[Haskell-cafe] generate Haskell code from model
haskell at steffen-mazanek.de
Fri Apr 13 14:43:11 EDT 2007
Brian, but don't you think that you have to write a lot
of boilerplate code in Haskell?
Second, if Haskell should be more successful in the
real world there has to be a way of demonstrating
basic ideas of a big program to "customers". How
would you do this? Everybody knows UML class
diagrams, for example. In contrast, nobody knows
about termgraphs or lambda *g*.
Third, assume you already have a model, want to
write the corresponding code yourself?
Thank you very much for contributing to the discussion.
Please assume, that you have to generate the code from
a model. Further assume, that you have no choice and
are not allowed to discuss the sense of this approach :-)
How should the code look like?
2007/4/13, Brian Smith <brianlsmith at gmail.com>:
> On 4/13/07, Steffen Mazanek <haskell at steffen-mazanek.de> wrote:
> > Hello everybody,
> > I would like to start a discussion on how to generate
> > best-practice Haskell code from a model, e.g. from
> > EMF.
> I started learning Haskell precisely to solve problems like this. But,
> once I got into it, I realized that Haskell is a much better modeling
> language than the modeling language I was using (MOF/UML, the predecessors
> to EMF). Furthermore, all the infrastructure built on top of that modeling
> language was very easy to replace with Haskell code. As a result, I gave up
> that effort.
> You said "The benefits of the model+generate approach are well known,"
> however I disagree. W3C DOM, MOF, UML, CORBA, and NetBeans 3.x-4.x are all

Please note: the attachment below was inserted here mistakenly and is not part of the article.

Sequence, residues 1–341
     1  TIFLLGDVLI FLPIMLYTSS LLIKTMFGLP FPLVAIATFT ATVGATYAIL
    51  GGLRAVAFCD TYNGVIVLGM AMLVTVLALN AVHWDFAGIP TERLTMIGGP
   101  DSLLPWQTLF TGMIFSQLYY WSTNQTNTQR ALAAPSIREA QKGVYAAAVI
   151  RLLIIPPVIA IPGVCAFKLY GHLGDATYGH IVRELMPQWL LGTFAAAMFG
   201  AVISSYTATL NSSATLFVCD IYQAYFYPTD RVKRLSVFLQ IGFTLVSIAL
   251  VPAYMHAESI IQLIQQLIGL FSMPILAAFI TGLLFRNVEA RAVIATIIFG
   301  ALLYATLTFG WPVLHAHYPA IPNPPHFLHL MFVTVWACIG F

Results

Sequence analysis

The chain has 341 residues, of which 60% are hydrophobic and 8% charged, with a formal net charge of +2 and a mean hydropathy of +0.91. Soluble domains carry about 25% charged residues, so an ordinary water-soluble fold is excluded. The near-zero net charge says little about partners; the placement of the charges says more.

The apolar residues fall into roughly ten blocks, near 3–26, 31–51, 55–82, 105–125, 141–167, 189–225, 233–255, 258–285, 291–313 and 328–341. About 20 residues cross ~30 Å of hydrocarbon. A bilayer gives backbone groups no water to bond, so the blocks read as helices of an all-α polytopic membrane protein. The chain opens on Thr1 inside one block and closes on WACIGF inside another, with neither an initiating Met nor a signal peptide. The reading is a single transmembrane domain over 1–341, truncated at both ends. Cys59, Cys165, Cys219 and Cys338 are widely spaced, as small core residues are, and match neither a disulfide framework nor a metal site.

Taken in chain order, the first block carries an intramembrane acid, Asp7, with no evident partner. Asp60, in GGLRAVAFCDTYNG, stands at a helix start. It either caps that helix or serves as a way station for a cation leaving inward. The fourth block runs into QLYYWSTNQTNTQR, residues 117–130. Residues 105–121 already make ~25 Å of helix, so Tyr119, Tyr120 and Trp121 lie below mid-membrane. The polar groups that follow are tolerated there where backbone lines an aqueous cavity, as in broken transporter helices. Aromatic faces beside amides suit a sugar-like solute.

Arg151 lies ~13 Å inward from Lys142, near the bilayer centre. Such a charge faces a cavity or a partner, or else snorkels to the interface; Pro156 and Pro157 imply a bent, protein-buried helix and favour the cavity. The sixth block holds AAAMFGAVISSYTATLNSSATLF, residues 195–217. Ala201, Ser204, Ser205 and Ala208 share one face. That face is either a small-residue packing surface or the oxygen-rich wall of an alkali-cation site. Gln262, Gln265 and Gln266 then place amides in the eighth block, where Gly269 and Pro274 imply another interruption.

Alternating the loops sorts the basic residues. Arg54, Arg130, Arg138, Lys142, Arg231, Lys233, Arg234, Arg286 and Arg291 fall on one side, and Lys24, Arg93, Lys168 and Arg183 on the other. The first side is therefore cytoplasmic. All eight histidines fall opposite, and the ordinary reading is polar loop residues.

> obvious examples of the failure of the model+generate approach. If the
> modeling language is sufficiently powerful, then it should be feasible to
> execute the models directly using a (custom-built) interpreter. If the
> modeling language is weak then it is better to just do the modeling in
> Haskell or another more powerful language.
> The MDA idea was that you would have one model and then be able to use
> that model in a variety of different programming languages, without having
> to rewrite code in each target language. Now, people are getting this
> benefit via a "code, then translate" approach. For example, GWT allows the
> without any hand-wavy models in between. JRuby lets one write code in Ruby
> to be used by code in Java; IronPython does the same for other .NET
> languages. In fact, C# is basically the .NET counterpart to EMF.
> FWIW, I also think that data based languages like ERD, Relax NG, and
> XQuery/XPath/XML Schema are a much closer fit to Haskell than EMF. EMF is
> designed to be translated any object-oriented, class-based, (soley)
> subtype-polymorphic, single-dispatched, single-inheritance language; i.e.
> Java. In fact, EMF is really a Java-optimized subset of what was supposed to
> become part of MOF 2.0.
> - Brian
Dipl.-Inform. Steffen Mazanek
Institut für Softwaretechnologie
Universität der Bundeswehr München
Tel: +49 (0)89 6004-2505
Fax: +49 (0)89 6004-4447
E-Mail: steffen.mazanek at unibw.de
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